Straightness

StraightnessThe Law of Straightness says that everything must be straight or else the world will explode!  Whilst this is little tongue in cheek, for me getting a little obsessive compulsive about straightness is not necessarily a bad thing when it comes to your riding!

Every horse is naturally asymmetrical, just like every human they are left or right handed.  Every horse has a natural tendency to bend left or right, just like every human will favour leaning on one leg or another.

Every horse will naturally carry more weight on the front legs than on the hind legs, causing uneven distribution of the weight over the four legs.  It is down to you, the rider to recognize and correct these imbalances with the goal of developing the horse symmetrically because a crooked horse is an unbalanced horse and an unbalanced horse becomes tense and resistant.

When the horse feels discomfort or pain, automatically he develops compensation in order to avoid that problem and to maintain optimal performance.  Here is where you will begin to see short choppy strides, behaviour resistance, and disobedience in your horse.  Why? because it hurts.  The muscles become irritated and may spasm, losing the ability to function effectively over time.  Compensation occurs with the issue being passed to other muscle groups.   

It follows then that crookedness should be addressed so that each hind leg bears equal weight if we wish to avoid muscular compensation.  You cannot sit straight on a crooked horse, nor can a horse move straight under a crooked rider.

Without doubt, straightness is a quality that distinguishes the skilled rider from the average rider.   The good news is that analysing yourself for straightness and addressing it are relatively easy things to do.  You can observe the level of straightness in every rider you watch and in every horse you ride.  If the front of the horse (shoulders) or back of the horse (haunches) deviate from a true line your horse will lose impulsion, suppleness, lightness and flexion.  Straighten again and the purity of the gait will be restored.  Of course, this presupposes that you as a rider have the necessary skills to recognise the deviation and deal with these fluctuations whilst aboard your horse.  It can demand a strong seat and leg aids to prevent you simply being pushed out of the way by the horse.

Straightness is the perfect ideal.  So in order to ensure that you have straightness you must have control over the front and the back of the horse, however, if riding a horse straight created a straight horse it would all be very simple.  It is not.  The best way to ensure that your horse is flexible enough to move on a straight line with the hind Rider Asymmtreylegs following the forelegs, is to use lateral work in the form of shoulder-fore, shoulder-in, travers and renvers, thereby gaining the necessary skills to manoeuvre the shoulders and quarters of the horse and ‘place’ them where you need them to be in order to correct the horse should he veer off the straight and narrow!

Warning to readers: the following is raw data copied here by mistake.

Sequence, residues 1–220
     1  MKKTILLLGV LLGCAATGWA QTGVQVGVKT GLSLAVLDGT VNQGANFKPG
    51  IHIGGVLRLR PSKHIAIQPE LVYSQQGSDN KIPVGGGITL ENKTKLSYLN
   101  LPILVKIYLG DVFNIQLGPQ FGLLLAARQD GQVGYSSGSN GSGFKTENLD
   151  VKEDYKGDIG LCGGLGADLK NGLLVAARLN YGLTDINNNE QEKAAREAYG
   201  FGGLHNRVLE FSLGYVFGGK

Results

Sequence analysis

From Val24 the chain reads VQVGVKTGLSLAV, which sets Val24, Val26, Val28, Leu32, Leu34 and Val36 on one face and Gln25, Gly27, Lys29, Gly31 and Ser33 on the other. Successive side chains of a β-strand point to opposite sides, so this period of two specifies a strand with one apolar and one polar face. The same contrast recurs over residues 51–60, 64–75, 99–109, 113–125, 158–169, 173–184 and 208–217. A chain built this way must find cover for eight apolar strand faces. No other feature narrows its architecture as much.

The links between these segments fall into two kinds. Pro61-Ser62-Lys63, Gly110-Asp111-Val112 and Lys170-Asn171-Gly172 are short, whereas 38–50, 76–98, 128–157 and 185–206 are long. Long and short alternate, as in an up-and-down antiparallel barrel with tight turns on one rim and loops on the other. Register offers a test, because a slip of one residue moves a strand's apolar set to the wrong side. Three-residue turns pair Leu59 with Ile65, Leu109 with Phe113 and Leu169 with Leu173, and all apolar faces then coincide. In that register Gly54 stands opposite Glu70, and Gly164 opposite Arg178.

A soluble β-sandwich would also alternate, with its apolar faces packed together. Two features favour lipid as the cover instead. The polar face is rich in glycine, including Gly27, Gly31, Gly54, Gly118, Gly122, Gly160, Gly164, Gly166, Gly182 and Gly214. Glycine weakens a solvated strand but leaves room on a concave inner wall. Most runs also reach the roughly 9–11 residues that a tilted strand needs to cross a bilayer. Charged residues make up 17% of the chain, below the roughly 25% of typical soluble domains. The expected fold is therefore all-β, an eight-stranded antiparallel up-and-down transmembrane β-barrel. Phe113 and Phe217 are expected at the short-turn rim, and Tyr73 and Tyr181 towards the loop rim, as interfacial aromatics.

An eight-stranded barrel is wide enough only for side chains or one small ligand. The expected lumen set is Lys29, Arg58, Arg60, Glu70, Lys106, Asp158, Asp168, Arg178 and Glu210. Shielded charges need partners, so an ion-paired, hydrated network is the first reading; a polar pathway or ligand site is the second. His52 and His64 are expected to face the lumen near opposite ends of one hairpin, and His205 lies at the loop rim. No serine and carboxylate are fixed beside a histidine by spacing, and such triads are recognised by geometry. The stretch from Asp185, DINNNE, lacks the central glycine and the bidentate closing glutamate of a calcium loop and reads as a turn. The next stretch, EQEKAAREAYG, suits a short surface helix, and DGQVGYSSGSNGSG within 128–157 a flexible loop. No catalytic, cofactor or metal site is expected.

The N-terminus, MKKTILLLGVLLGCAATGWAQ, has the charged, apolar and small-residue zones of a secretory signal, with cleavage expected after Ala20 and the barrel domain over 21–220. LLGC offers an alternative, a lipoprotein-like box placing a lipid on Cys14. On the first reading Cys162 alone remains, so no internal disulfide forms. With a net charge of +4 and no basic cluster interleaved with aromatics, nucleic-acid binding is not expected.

Image reproduced by kind permission of Anne Bondi BHSI – www.saddleresearchtrust.com

Straightness Check List

This list can serve as a checklist in determining the horse’s natural crookedness, i.e. his hollow and stiff sides.

  1. Falling over the outside shoulder and going against the rider’s outside knee and thigh.
  2. Falling onto the inside shoulder.
  3. Over-bending laterally, creating a bulge at the shoulder
  4. Counter-bending on a circle, sometimes locking the jaw on the inside.
  5. Cutting corners.
  6. When you are on the center line or on the quarter line, he will tend to drift with his entire body.
  7. In transitions to the halt one hind leg will tend to be out behind.
  8. He will tend to show a faulty haunches-in, because his croup will tend to fall in against the riders’s inside calf.
  9. In the shoulder-in it may be difficult to get his shoulder to leave the wall.
  10. In the shoulder-in it is easy to get the correct angle, but it is more difficult to achieve the correct bend.
  11. Haunches-in and half passes appear to be easier on one rein than the other.
  12. In severe cases, the horse may not want to canter on one lead initially.
  13. When you lengthen the strides in the trot, the horse may frequently break into the canter.

Achieving straightness is one of the most fundamental demands in training horses, because a crooked horse will never be able to develop impulsion or self carriage.  But what may be worse is that a crooked horse will not remain sound in the long run, as any imbalance creates stiffness and bracing which translate into unnecessary wear and tear on joints, tendons, and ligaments.

Patricia – The Dressage Tipster

help@likecrystal.com

 

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